Emily Romo, who is the founder of GIVE, said the purpose of the organization is to try to promote sustainability through education and events.
“What we need to do is get information out there,” Romo said. Romo was the club’s first president last year.
She formed GIVE after becoming interested in global awareness and learning about the Green Valley Institute, an organization dedicated to helping sustain the environment and quality of life.
The Global Medical Brigade (GMB) was also created at ULV last year.
Last spring, GIVE held its first Earth Day event and has returned to campus to help educate club members and the community.
GIVE and GMB both branched from the Society of Physical Life Science and Scholars, which has been at ULV since 1995.
SPLSS is a “support system” for natural science majors, Jerome Garcia, adviser of GIVE, GMB and SPLSS, said.
“GMB and GIVE call to a more general public than SPLSS does,” Garcia said.
Garcia said he wants everyone to become active in taking care of the community.
“No matter what your major is, if you care, get involved,” Garcia said.
Members of SPLSS, GMB and GIVE have lofty goals and are striving to become more recognized on campus.
On Sept. 30, members of GIVE conducted a trash audit outside of Founders Hall that lasted for 20 minutes.
They were shocked by the outcome. The results showed an unawareness of recycling.
The results left Romo with the overwhelming feeling that there is room for great improvement at ULV and beyond.
Romo believes this improvement for the best can be obtained by education.
“We have to get the education out there,” Romo said. “We have to keep talking.”
Junior Courtney Droke agrees with the efforts of GIVE.
“I’ve always recycled. It’s something my parents instilled in me,” Droke said.
“It’s really important, and it’s something that has to be done.”
Amanda McCadden, president of GIVE, believes that the community needs people to be aware, like Droke.
“We need to be more aware of what we can do to help the Earth and our children,” McCadden said.
One important thing McCadden believes we must remember is that “there are consequences to our actions.”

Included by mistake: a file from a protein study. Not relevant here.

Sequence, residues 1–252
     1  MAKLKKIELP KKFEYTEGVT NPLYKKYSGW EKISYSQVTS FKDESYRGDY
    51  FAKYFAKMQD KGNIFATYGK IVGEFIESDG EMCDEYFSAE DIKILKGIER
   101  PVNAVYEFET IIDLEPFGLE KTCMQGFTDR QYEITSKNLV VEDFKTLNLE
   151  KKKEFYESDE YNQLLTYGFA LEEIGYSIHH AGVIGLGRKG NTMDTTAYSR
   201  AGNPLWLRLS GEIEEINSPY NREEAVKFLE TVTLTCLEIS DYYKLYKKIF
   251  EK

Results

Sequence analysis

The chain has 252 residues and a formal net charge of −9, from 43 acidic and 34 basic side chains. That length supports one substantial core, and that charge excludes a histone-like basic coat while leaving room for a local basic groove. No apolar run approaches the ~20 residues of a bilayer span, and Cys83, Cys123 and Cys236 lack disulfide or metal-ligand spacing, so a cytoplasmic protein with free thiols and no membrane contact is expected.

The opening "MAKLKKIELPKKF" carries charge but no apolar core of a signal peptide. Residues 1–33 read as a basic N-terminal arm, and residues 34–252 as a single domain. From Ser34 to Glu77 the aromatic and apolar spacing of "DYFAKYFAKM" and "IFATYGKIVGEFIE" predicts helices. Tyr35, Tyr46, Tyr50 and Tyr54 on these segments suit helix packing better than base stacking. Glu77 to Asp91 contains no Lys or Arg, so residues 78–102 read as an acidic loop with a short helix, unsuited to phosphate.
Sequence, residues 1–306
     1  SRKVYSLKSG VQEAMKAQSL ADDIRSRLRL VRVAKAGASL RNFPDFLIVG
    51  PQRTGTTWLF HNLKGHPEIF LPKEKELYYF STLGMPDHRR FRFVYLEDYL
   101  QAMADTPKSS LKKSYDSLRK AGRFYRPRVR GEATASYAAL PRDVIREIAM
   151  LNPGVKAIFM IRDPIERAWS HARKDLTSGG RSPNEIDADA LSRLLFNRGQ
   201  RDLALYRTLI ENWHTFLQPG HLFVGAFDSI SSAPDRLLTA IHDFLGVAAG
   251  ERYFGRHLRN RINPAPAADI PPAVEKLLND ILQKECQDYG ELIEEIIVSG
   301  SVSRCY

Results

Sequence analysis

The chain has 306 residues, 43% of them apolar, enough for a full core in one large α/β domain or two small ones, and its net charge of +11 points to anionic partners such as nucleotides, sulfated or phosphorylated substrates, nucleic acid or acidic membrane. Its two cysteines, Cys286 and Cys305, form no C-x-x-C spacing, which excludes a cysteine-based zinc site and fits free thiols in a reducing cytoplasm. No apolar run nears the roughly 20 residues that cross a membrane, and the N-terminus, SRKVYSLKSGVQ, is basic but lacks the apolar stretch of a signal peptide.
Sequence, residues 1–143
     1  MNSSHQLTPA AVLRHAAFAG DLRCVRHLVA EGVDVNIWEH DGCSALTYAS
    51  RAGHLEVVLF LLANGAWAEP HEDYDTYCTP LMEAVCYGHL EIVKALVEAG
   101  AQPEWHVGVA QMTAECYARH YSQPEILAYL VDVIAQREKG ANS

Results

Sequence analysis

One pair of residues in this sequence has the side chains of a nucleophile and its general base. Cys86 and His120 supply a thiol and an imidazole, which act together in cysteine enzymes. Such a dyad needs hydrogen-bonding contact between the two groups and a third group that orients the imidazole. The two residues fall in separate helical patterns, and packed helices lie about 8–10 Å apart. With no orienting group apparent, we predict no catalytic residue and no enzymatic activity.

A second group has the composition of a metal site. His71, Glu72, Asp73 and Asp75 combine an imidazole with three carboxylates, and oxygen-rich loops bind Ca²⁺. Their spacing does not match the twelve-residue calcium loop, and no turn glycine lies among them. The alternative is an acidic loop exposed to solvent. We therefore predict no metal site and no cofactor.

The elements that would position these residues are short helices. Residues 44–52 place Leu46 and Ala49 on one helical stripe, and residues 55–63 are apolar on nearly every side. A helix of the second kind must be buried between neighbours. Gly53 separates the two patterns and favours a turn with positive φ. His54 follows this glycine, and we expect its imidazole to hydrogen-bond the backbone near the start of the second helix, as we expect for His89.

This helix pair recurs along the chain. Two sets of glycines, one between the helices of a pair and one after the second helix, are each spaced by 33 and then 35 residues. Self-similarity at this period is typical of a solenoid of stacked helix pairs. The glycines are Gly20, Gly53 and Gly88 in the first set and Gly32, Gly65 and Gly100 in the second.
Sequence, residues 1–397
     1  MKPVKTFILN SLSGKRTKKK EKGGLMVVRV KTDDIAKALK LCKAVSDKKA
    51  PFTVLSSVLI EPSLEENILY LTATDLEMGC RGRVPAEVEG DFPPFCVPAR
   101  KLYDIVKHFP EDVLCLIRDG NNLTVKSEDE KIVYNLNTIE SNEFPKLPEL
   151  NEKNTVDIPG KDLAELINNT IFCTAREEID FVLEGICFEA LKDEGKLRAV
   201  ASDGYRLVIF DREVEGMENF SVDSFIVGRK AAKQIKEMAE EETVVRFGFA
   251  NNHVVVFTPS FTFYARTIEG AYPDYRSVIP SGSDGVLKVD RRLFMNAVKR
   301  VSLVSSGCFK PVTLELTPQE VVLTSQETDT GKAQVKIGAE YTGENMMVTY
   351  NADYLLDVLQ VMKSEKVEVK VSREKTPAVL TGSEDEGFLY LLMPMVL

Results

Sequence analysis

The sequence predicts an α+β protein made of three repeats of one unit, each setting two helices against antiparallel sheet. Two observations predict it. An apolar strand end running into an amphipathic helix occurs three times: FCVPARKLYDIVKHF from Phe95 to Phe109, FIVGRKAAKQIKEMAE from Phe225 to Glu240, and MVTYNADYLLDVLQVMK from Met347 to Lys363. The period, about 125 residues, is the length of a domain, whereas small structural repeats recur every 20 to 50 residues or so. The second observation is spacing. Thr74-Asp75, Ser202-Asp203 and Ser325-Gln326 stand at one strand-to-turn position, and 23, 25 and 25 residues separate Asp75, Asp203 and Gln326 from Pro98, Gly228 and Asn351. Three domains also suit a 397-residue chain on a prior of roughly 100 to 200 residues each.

McCadden and Romo both believe that talking with friends is the best way to share information about protecting the Earth.
“We need to come up with fun and interactive ways to educate,” McCadden said.
McCadden, Romo and the GIVE members have done just that. They have held recycling fairs and even visited an electronic waste recycling plant.
In addition to previous events, GIVE encourages its members to suggest field trip ideas that pertain to the environment and the La Verne community.
On Nov. 19, from 11 a.m to 2:30 p.m, in Sneaky Park a recycling fair will be held. GIVE will be giving away prizes and other giveaways.
GIVE will be accepting anything you can recycle, such as plastic bags, old eye glasses, printer cartridges, papers and soda cans.
Those interested in the GIVE organization can get a taste of what they are about at their booth at the Homecoming Fair on Saturday, Oct. 18.
As Homecoming week hits campus, GIVE is preparing for the event with ideas it hopes will grab the attention of students, faculty and alumni visiting the campus.
This year, GIVE’s theme for the homecoming fair is Portland, Ore., since this is the home of the Nike headquarters.
The Nike-Reuse-a-Shoe program recycles old shoes and uses them to make playground materials.
GIVE is always open for new members in sharing their ideas on how to save the environment.
GIVE meetings are every third Wednesday of the month in La Fetra Lecture Hall at 5 p.m.
Victoria Farlow can be reached at email@example.com.